I was attempting to convert polar coordinates into cartesian coordinates when I realized I needed to compute the cosinus factor.
For those who don't know what cosinus is: You could say it is a factor that tells you the size of a tangent depending on its angle relative to a
reference (that is, the size of the tangent when it's at 0°). For instance, let's say you head on a straight road toward south. But your friend
decide to head on another road, at the same speed (let's say 100mph), but straight toward south-east instead. Cosinus will let you know that after 1
hour, you will have travelled 100 miles toward the south while your friend will only have traveled 0.707106 of that distance toward the south,
meaning, he will have travelled only 70.716 miles toward the south, due to his 45° degree trajectory relative to yours.
Cosinus has applications in astronomy, navigation, home construction, many things.
The problem is, cosinus value for an angle is not computable - only computers can compute cosinus factor. The best mankind can do is make super-long
equations when they want to compute cosinus "by hand", and the result is always nothing more than an approximation.
As I often experience power failure, I decided to try and come up with a simple equation to approximatively compute cosinus... using normal current
angular degree units (90 degrees units per quarters of a circle; not the ancient radian thing). And, well, after a couple of months of tweaking and
comparing to a computer's computations, I came up with a fairly simple equation, which lets you approximate the cosinus with some accuracy... well,
its accuracy is not enough for astronomical purpose, though, but anyway, I'll let you guys take a look and decide about its level of accuracy.
So, my equation is:
1-((θ/5q - θ³R)θ)
or 1-((((θ÷5)xq)-(θ³xR))θ)... in which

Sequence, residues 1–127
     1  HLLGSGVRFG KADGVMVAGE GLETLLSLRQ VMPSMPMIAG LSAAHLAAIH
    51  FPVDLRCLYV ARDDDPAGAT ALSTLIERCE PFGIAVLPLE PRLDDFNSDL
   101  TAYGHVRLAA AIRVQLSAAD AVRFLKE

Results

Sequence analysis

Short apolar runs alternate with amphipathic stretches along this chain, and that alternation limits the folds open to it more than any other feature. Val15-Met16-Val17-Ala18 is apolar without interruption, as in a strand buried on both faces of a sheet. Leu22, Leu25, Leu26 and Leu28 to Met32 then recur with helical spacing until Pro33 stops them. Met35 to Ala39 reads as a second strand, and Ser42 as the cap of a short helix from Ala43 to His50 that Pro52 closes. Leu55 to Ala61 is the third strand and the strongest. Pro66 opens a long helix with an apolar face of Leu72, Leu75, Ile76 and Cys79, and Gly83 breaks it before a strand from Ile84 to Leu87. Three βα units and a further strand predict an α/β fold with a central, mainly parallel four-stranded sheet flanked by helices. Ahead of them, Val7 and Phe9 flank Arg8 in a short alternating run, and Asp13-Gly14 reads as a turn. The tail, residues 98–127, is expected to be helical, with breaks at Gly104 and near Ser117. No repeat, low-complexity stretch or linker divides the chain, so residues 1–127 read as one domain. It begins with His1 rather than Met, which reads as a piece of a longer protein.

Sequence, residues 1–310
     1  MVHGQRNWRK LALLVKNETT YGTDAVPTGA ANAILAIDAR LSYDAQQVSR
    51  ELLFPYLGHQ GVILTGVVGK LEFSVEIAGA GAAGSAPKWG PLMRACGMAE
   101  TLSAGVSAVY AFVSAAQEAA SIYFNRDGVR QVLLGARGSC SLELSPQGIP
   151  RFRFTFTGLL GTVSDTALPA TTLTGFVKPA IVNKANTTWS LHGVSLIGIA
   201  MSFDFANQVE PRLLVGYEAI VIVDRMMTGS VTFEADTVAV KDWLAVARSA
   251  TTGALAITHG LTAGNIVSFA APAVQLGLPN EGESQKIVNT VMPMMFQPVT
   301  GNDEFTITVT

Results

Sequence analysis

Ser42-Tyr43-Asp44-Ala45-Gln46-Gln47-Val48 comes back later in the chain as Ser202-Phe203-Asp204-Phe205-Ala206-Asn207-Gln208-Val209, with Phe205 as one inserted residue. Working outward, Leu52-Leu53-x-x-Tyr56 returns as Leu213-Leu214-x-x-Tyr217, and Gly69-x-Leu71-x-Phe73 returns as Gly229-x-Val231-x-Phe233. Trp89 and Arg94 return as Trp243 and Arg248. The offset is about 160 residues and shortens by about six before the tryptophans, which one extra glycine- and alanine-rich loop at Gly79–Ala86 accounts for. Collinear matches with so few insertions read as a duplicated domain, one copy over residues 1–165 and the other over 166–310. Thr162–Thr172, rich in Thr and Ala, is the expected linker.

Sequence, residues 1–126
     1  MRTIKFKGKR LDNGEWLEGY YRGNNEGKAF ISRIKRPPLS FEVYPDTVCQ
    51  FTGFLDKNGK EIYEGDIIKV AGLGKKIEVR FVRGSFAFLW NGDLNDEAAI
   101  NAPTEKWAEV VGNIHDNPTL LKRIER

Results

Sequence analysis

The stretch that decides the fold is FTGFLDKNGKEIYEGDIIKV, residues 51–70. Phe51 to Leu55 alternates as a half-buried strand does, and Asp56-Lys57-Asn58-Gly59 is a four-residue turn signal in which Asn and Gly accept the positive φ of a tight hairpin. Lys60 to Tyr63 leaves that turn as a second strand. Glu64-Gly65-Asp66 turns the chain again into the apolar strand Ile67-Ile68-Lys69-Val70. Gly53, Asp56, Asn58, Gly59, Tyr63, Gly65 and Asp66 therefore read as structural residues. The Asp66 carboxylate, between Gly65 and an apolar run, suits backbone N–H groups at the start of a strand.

-θ is the angle, in normal degrees (maximum of 90° - no need to convert to radians)
-q is equal to 0.000 758 496, and
-R is equal to 0.000 000 003 486 71.
And now I am going to show you the computation results which my very simple equation yields over 19 different angles. The left column will show you
the cosinus value my equation approximates to, while the right column will show you the true cosinus value as computed by computers. So it's
basically my approximation, vs computer's high-tech, foot-long, equations.
swan approx.: computer:
0°: 1.000000 1.000000
5°: 0.996209 0.996194
10°: 0.984864 0.984807
15°: 0.966044 0.965925
20°: 0.939878 0.939692
25°: 0.906549 0.906307
30°: 0.866294 0.866025
35°: 0.819400 0.819152
40°: 0.766207 0.766044
45°: 0.707106 0.707106
50°: 0.642543 0.642787
55°: 0.573015 0.573576
60°: 0.499070 0.500000
65°: 0.421310 0.422618
70°: 0.340389 0.342020
75°: 0.257013 0.258819
80°: 0.171940 0.173648
85°: 0.085981 0.087155
90°: -0.000000 0.000000
For those who would like to see the quantitive difference, between my simplified approximation equation and the truth as computed by computers, you
won't have to hunt for a calculator; here it is:
0°: 0.000000
5°: +0.000015
10°: +0.000057
15°: +0.000118
20°: +0.000185
25°: +0.000242
30°: +0.000269
35°: +0.000248
40°: +0.000162
45°: +0.000000
50°: -0.000243
55°: -0.000560
60°: -0.000929
65°: -0.001307
70°: -0.001630
75°: -0.001805
80°: -0.001707
85°: -0.001174
90°: -0.000000
So,... what do you guys think?
Swan